109. Daydreaming resulted in improved self-control and enhanced creative thinking ability.
110. Contrary to popular belief， constant and conscious effort at solving a problem is， in reality， one of the most inefficient ways of coping with it.
111. Whenever confronted with a task which seemed too hard to be dealt with， he would stretch out on his laboratory sofa and let fantasies flood his mind.
112. The important thing to remember is to picture these desired objectives as if you had already attained them.
113. Daydreaming is highly beneficial to your physical and mental well-being.
114. Escape being impossible， the rabbit turned to confront the dog.
115. The difficulties that confront us cannot be overcome.
116. He cannot be really happy if he is compelled by society to do what he does not enjoy doing， or if what he enjoys doing is ignored by society as of no value or importance.
117. In a society where slavery in the strict sense has been abolished， the sign that what a man does is of social value is that he is paid money to do it.
118. What from the point of view of society is necessary labor is from his own point of view voluntary play.
119. Whether a job is to be classified as labor or work depends， not on the job itself， but on the tastes of the individual who undertakes it.
120. It is already possible to imagine a society in which the majority of the population， that is to say， its laborers， will have almost as much leisure as in earlier times was enjoyed by the aristocracy.
121. The masses are more likely to replace an unchanging ritual by fashion which it will be in the economic interest of certain people to change as often as possible.
122. Workers seldom commit acts of violence， because they can put their aggression into their work， be it physical like the work of a smith， or mental like the work of a scientist or an artist.
123. They were often compelled to work twelve or fourteen hours a day.
124. The police undertook detailed and comprehensive investigations into the case.
125. The device， though， would do much more than capture a lecture.
126. It was a microcassette found in Kathleen Weinstein‘s shirt pocket that not only led police to her alleged killer but also revealed the New Jersey teacher to be a woman of extraordinary courage and compassion.
127. Grabbing Weinstein by the jaw， the attacker told her he had a gun and forced her into the Camry.
128. It was there， police believe， that Weinstein was able to activate the recorder she kept in her bag.
129. Her power of persuasion were to no avail.
130. Weinstein’s body， with hands and feet bound， was discovered by a hiker in March.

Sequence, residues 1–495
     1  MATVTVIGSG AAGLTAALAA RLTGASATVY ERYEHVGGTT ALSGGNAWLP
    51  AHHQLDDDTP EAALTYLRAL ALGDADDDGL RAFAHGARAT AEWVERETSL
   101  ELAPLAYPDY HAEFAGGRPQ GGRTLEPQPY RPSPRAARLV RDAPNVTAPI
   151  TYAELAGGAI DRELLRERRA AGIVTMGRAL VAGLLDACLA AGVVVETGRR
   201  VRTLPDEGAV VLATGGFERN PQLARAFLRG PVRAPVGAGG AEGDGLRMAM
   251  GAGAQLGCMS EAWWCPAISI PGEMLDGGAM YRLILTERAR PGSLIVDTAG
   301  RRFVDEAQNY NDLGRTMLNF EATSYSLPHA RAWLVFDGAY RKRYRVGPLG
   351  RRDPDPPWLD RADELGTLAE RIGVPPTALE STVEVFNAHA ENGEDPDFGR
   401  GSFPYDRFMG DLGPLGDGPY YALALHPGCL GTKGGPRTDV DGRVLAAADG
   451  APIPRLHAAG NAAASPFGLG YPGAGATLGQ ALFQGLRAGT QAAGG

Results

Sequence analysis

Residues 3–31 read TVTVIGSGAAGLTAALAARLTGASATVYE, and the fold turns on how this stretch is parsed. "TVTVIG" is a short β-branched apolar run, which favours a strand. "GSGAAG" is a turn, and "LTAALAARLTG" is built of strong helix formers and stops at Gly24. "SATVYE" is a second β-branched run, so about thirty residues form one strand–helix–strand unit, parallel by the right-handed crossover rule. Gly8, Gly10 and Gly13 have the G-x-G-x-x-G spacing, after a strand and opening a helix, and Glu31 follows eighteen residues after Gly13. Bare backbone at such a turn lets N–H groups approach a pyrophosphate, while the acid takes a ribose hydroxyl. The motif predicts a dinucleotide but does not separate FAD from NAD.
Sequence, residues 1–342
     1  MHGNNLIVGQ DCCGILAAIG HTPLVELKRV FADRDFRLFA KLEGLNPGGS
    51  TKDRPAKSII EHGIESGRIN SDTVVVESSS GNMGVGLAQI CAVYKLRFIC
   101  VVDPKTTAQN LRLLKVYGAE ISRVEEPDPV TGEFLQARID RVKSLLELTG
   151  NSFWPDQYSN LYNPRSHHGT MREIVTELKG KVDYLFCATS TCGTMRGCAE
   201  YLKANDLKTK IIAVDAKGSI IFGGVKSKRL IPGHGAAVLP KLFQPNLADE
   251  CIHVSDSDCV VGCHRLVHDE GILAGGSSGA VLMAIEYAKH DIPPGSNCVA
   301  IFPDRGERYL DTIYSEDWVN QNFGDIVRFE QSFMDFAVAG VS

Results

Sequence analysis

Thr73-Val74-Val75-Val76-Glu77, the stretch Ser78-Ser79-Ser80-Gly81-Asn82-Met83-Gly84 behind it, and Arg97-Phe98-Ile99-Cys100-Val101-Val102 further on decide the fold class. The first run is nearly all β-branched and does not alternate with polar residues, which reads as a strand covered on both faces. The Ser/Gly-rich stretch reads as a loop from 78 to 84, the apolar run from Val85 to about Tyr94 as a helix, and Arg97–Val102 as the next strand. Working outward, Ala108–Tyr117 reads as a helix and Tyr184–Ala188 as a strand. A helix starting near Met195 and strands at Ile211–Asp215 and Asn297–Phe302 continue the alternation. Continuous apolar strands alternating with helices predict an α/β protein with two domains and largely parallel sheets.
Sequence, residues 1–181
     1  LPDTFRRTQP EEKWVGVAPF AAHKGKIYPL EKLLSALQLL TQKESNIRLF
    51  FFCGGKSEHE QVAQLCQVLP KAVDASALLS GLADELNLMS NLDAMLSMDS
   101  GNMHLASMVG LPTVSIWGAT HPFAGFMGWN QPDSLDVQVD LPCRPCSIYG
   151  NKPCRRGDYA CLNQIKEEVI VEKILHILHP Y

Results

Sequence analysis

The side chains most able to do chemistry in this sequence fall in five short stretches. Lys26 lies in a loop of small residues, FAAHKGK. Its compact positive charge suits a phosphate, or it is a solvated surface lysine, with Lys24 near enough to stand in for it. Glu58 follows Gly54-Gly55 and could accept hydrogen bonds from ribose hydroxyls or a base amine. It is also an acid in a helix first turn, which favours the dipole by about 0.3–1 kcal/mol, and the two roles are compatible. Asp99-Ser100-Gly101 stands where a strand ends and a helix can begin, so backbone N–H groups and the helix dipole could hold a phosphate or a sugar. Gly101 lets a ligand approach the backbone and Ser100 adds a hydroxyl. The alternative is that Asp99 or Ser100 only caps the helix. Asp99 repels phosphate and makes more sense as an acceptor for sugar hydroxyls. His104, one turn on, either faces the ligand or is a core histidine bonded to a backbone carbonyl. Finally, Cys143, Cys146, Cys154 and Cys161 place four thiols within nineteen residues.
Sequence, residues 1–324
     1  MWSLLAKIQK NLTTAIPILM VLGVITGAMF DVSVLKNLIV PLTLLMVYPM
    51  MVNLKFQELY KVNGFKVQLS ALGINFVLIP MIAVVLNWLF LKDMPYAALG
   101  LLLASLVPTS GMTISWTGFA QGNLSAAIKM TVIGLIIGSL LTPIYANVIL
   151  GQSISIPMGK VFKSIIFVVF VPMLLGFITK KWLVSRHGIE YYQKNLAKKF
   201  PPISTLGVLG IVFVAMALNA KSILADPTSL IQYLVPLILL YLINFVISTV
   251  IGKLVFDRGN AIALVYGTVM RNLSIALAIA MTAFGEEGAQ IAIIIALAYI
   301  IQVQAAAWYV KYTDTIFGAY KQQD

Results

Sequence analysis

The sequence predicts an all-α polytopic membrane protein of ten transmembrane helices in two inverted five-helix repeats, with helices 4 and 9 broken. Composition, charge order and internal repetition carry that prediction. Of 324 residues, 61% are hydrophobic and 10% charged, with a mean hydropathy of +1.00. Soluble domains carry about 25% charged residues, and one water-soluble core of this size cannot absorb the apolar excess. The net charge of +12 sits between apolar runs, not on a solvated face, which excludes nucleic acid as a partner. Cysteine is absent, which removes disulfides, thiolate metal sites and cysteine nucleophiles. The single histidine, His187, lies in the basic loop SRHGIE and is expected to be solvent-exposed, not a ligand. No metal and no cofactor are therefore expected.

131. Given her fate， the name of the program has a heartbreaking resonance to it： Random Acts of Kindness.
132. The operation fostered hope in the patient.
133. We protested but to no avail.
134. He was firmly convinced that risk accompanies decisions.
135. The computer makes possible a marvellous leap in human proficiency.
136. But the question persists and indeed grows whether the computer will make it easier or harder for human beings to know who they really are…。
137. There may be a tendency to mistake data for wisdom， just as there has always been a tendency to confuse logic with values， and intelligence with insight.
138. To the extent， then， that man fail to distinguish between the intermediate operations of electronic intelligence and the ultimate responsibilities of human decision， the computer could prove a digression.
139. It may promote undue confidence in concrete answers.
140. …before we lose ourselves in celebrating the victory， we might reflect on the great advances in the human situation that have come about because men were challenged by error and would not stop thinking and exploring until they found better approaches for dealing with it.
141. For the danger is not so much that man will be controlled by the computer as that he may imitate it.
142. Even to speculate on it is a gain.
143. If you persist in ignoring my instructions， I shall have to punish you.
144. His ultimate goal is too distant and shadowy to obtain.
145. Despite their differences， their love will conquer.
146. It has taken him a long time to come to terms with the fact that he won't be able to go to college.
For over a hundred years Japan has consistently spent large sums of money and considerable human resources in an effort to obtain technology. Her ability to negotiate _________11 by the fact that most of the technology she wanted was no commercial secrets. Japan‘s _________12 has also been strengthened by the fact that her internal market was large， so that _________13 to this market could be offered to multinational companies as an attraction to them to grant licenses. Besides， Japan’s work force was disciplined， so it was capable _________14 applying the information it acquired. Finally， American and European companies， who were _________15 licensers， felt that the Japanese companies might take a large share of the world market _________16 they were not limited by licensing agreement. Conditions of this sort， _________17 together in one nation， may well be unique， and the case of Japan may therefore not actually demonstrate that licensing is just as efficient as multinational ownership for the _________18 of technology. In fact， Japan may be finding this method of operation _________19 effective than in the past ，as her needs for outside technology now require information which _________20 only a few companies and is more closely held. <！[endif]>
11.A. was strengthened B. will be strengthened C. will have been strengthened D. has been strengthened
12.A. position B. location C. place D. point
13.A. entry B. access C. presence D. acceptance
14.A. at B. in C. for D. of
15.A. potential B. feasible C. liable D. inevitable
16.A. until B. before C. if D. after
17.A. came B. come C. will come D. coming
18.A. transformation B. transfer C. transmission D. shift
19.A. much B. little C. less D. more